A few observations….
A numbered of things sparked my curiosity and grabbed my attention during our short time in Germany…
• The Food – If my memory serves me correctly, I’m part German and part Italian which qualifies me for many things food related, in particular ‘consumption of’ as well as an ‘appreciation of.’ Germany was no disappointment in this area.
While German cuisine is a lot closer to American cuisine that the food we ate in China and South Korea, it still has an element of adventure built in… especially in those times that we were just pointing to an item on the menu as was the case with our Schnitzel, a Kingdom gift from the Germans that pleased my palette and left me wanting more. Something could also be said for the Bread, Jeremy’s favorite, the Gyros just off the square in Mainz, and the frankfurters at the ‘Hopscotch’ café.
• The Clothes – One thing that caught my attention as we emerged from the underground train station, in the center of Frankfurt, was that nearly all of the people busily making their way through the square at that particular time were all wearing grey or black. At that moment, as I looked in all directions I only saw three people wearing color and those three were wearing red. I have not yet figured out the theological implications of this observation, but I’m sure it was more than ‘mess with Mark’s head’ day in downtown Frankfurt. At the very least it painted an interesting portrait of simplicity as it related to the urban landscape that we were experiencing.
• The Green Spaces – Overall, the two towns that we visited, Frankfurt and Mainz, seemed extremely clean and well kept. In Frankfurt Jeremy led us to a long and winding green space that was continuous in nature and seemed to circumnavigate 75 % of the city center… scattered all along the path were schools, playgrounds, soccer fields, and apartment buildings. As we walked along this path for an hour or more I couldn’t help but wonder what this are looked like in the early months of 1944.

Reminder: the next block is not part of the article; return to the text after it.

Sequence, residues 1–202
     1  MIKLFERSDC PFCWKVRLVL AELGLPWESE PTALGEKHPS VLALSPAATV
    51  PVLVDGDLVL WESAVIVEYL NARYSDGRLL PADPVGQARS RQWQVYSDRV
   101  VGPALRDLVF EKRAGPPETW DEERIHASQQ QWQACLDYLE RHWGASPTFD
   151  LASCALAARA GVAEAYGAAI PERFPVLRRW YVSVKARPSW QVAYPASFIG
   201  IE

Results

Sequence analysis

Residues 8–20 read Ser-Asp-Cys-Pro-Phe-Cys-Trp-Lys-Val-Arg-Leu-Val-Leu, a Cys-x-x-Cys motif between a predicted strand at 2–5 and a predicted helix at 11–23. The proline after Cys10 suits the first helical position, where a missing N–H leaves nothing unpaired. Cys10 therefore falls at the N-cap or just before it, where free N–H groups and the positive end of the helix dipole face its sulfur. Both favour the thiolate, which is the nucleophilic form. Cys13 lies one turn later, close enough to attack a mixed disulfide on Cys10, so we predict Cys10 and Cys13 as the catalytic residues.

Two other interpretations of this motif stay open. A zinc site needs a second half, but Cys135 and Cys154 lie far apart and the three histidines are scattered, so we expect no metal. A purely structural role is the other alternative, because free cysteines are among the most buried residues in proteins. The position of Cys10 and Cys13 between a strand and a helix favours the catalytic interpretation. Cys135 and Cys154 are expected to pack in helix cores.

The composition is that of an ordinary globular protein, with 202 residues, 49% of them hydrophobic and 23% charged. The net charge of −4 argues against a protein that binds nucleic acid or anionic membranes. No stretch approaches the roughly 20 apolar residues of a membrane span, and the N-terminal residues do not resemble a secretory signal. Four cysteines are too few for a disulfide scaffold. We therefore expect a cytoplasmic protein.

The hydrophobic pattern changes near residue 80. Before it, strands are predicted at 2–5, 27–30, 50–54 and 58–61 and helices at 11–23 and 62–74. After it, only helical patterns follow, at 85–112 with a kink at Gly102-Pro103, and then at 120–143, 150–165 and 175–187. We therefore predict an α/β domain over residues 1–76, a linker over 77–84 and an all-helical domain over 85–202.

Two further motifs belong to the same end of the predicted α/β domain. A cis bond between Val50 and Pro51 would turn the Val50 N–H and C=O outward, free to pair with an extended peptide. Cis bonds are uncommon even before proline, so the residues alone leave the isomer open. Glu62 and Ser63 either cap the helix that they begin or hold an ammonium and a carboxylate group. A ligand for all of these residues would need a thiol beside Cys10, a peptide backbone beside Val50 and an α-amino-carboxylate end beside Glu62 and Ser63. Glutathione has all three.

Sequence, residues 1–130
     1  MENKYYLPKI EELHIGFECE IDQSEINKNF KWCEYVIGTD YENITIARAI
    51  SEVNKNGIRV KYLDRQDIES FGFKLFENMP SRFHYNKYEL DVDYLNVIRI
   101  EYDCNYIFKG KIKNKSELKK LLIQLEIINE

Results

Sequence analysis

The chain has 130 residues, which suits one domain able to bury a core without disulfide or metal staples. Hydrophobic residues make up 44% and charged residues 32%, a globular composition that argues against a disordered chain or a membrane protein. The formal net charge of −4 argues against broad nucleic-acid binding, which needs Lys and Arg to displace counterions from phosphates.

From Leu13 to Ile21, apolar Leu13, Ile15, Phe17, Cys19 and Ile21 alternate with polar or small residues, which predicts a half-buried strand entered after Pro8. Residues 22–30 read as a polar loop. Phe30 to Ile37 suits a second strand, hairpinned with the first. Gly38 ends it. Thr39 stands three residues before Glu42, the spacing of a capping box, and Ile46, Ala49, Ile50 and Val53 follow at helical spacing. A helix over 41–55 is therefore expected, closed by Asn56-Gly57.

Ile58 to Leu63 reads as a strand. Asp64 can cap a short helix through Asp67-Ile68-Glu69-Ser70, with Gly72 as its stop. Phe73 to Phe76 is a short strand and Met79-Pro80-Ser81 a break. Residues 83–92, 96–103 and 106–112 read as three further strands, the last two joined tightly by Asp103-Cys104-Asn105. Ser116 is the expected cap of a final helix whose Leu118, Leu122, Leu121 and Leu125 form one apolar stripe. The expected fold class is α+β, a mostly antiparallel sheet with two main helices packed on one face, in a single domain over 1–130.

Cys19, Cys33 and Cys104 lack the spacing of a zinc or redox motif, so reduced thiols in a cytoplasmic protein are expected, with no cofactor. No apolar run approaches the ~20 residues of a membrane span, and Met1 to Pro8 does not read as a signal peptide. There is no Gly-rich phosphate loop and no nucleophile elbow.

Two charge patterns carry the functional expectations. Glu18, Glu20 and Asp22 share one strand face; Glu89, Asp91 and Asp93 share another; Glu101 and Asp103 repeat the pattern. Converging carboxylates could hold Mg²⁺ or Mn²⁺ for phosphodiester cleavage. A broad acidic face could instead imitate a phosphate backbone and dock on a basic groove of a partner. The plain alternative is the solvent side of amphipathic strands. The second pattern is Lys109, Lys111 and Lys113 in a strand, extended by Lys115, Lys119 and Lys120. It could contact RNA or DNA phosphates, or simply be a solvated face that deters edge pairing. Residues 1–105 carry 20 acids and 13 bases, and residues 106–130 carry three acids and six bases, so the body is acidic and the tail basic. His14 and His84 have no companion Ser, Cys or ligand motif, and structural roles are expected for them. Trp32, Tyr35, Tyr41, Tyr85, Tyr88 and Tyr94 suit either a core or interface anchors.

• The Churches – Many elements of the ‘Church’ in Germany caught and held my attention, all of which I hope to post about at some point in the future. But, for the sake of brevity, my mind continues to stay focused on the buildings themselves. Of the five or six churches we visited, all had many things in common… size, ‘ornateness,’ attention to detail, and the mere number of times they were each constructed and re-constructed. It wasn’t the buildings themselves that were distracting to me, but rather the focused attention on rebuilding these structures three or four times over. I was extremely distracted by the thought of the recurring expenses incurred each time one of these building had to be rebuilt not to mention the human resources consumed by each rebuilding… and also, as my friend Kendall pointed out, the amount of financial resources needed for maintenance and reconditioning/refurbishing.
While ‘boxing up’ God (Ark… Tabernacle…Temple… Synagogue… House… Church, etc.) keeps us true to our Jewish and Christian traditions… we have, by my observation, in many instances gone above and beyond the call of the Kingdom and actively exploited the true nature of what it means to “dwell deeply in the House of God [love].” While “Structure-ism” and the ‘edifice-complex’ plague are deeply entrenched in western ecclesiology, they don’t hold a candle to the attention given to ecclesial buildings in Germany. Perhaps Jesus has a bit to teach us all about the nature of our religious structures and our unwillingness to break free of ‘Building Bondage.’
• The Architecture – The architecture was striking in that it was a mix of old and new… semi-ancient church buildings laid next to steel and glass structures that qualify for a spot on ‘Modern Marvels’
• The History – Coming from a country with a four centuries of developed, imperialized history… it was fascinating to see things alluded to that were a tad older than what we experience in America, at least from the 1700’s forward. While modern Germany doesn’t seem to hold an historical candle to what I experienced in China, but it does offer a unique snapshot of the Age of Enlightenment forward. Many of the buildings we visited held within them carved stones of identification from the 14,15, and 1600’s.
• Airport Security – As a word of advice… I do not personally recommend leaving an airtight, waterproof, stealth-looking video camera case at the security screening area in the Frankfurt airport.